It’s Saturday, November 7, 2020, the day after President-Elect Joe Biden declared victory in the recent US election.
In what is now the norm in American politics, the election itself has illustrated a sharp division in the population, with one side celebrating victory and the other alleging fraud and conspiracy.
As the President-Elect wrapped up his speech, now joined onstage by his extended family, my attention was on the members of the United States Secret Service who were close by. I thought of these men and the job that they were tasked to do. Not knowing them personally, I wasn’t aware of their political affiliations, were they a Democratic like Biden, or a Republican, rooting for the current President, Trump? They, like every other citizen of the country, were allowed to cast their votes, and could have picked either, or none. However, at that moment, on that stage, I don’t think it mattered. These agents, surely knowing the risk associated with the occasion, were focused on the task at hand: The safety of their protective charges, no matter their personal political affiliation.
I don’t think many would disagree with the above analysis, however, my question is, if we can attribute that level of dispassionate professionalism to the member of the USSS, why can’t those same qualities apply to those of us in the private sector? These days, one only has to open up their social media application of choice, and there in the timeline, they’ll find industry colleagues who will make their political allegiances known loudly.
While that in and of itself may sound harmless, what I believe is much more corrosive to the fabric of society on a broad level, but for the purposes of this article, our industry in microcosm, is that the commentary coming from us about politics is ofttimes disrespectful, lacking civility, and more disturbingly, may be filled with misinformation or disinformation. Ours has always been an industry that spoke about a code, and many use the words ethics and integrity, on everything from their business cards, to the signature line of their email address. We talk about the importance of client service, and adhering to standards such as confidentiality, yet we log onto Facebook, Twitter or Instagram, and we can’t wait to chime in and let the world know our political stances in the form or post, memes, retweets, and video shares.
The same individuals that will burst a blood vessel if they see a “bodyguard” post a picture of themselves and their client, due to its supposed lack of professionalism, will go online and insult a whole demographic of people in which half of those same clients would fall into. The protectors who play a game of “pile-on” when a new guy entering the industry posts a comment on the message boards without proper punctuation, give no thoughts to filling up their timeline with expletives about why this political party or that politician deserves to be hung. Wait, weren’t we talking about professionalism?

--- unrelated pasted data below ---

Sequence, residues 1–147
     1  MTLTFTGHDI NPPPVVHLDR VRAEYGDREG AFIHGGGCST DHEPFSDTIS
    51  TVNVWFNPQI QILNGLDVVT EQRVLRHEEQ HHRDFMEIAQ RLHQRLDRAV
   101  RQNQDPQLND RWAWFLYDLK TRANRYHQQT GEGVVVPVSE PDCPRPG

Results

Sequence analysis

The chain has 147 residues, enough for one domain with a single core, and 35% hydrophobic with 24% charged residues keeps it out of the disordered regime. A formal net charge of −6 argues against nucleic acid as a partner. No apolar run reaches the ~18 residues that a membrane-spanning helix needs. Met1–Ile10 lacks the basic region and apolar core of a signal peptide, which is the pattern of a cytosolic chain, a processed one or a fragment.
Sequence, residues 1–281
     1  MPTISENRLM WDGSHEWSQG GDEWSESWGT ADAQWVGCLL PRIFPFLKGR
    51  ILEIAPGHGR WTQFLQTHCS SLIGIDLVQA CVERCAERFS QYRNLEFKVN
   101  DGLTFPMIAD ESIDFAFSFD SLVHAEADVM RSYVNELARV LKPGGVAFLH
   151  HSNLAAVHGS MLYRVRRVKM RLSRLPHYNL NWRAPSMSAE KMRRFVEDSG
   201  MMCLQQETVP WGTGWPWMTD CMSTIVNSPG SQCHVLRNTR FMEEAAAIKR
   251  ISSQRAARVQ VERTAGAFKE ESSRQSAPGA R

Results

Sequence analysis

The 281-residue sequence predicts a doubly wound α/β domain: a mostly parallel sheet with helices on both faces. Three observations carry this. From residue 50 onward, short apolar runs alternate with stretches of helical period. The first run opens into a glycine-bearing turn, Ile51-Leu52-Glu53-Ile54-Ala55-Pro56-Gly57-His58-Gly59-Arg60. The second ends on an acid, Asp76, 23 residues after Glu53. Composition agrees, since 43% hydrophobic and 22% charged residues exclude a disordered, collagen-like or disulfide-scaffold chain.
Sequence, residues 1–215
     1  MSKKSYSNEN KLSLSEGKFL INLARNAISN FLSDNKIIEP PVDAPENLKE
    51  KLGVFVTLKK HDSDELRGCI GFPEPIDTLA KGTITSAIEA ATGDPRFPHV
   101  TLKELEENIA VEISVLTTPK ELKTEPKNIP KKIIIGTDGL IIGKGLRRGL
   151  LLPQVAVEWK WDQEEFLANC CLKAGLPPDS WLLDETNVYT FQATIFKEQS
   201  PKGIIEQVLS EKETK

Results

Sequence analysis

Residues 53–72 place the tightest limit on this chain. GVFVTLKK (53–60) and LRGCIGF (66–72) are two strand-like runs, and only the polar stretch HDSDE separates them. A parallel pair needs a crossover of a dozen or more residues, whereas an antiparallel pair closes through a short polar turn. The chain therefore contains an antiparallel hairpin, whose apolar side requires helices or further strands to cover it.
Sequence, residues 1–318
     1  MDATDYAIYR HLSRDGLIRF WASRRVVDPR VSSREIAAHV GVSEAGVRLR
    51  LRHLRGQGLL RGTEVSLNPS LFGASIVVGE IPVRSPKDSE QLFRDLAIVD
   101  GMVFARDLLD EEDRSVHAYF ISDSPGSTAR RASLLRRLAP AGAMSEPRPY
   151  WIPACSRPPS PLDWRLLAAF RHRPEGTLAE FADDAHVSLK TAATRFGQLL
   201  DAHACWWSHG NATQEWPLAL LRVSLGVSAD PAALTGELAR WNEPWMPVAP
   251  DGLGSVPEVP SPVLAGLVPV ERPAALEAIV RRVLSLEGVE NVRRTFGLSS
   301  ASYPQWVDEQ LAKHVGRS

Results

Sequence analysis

Do not get me wrong, we are all adults, and as such, we can say what we want. We can have views about any and everything, but make no mistake about it, some of those views in a public setting can have consequences. Do not think that the words that go up on your timeline, aren’t preserved somewhere, just waiting to be used against you down the road – even if you delete it hours later. Do not think that decision makers who were considering you for a project based off of your skills are not now weighing the tone of the words and language you are using to express your political viewpoints. This might never be brought up in conversation, instead you are simply passed over in favor of someone who is a bit more opaque in their political passions.
“Grey man” is a term used in our industry to describe someone who blends into the environment, leaving very little wake in his passing. It is a state that many of us actively work to achieve, as it will allow us to more effectively complete our assignment, because by bringing as little attention to us as possible, we gain a tactical advantage. If this is a preferred state, then why are so many of us running counter to that, by actively trying to bring as much attention as possible to our political beliefs? In this new era of political expression via social media, our words and actions are not aligning with the codes we profess to exemplify. As we move into 2021, my question is, will it get better or worse?
Keeping Your Edge: Is Unity In Our Profession Dead?
By: Elijah Shaw
Elijah Shaw is the National Director of the North American Bodyguard Association and the CEO of ICON Global, and International Executive Protection Consulting Firm. Elijah, who has been featured in international publications such as Inc. Magazine, Entrepreneur, and Portfolio, runs the ICON Academy, an EP Training Program specializing in Celebrity & VIP Protection. He also currently sits on the Board of Directors of Executive Security International (ESI), the United States oldest Executive Protection Training School. His book, An Introduction to Executive Protection & Touring: A Guide to Mastering the Business of VIP Security, hit the Amazon best sellers list, and is available now worldwide.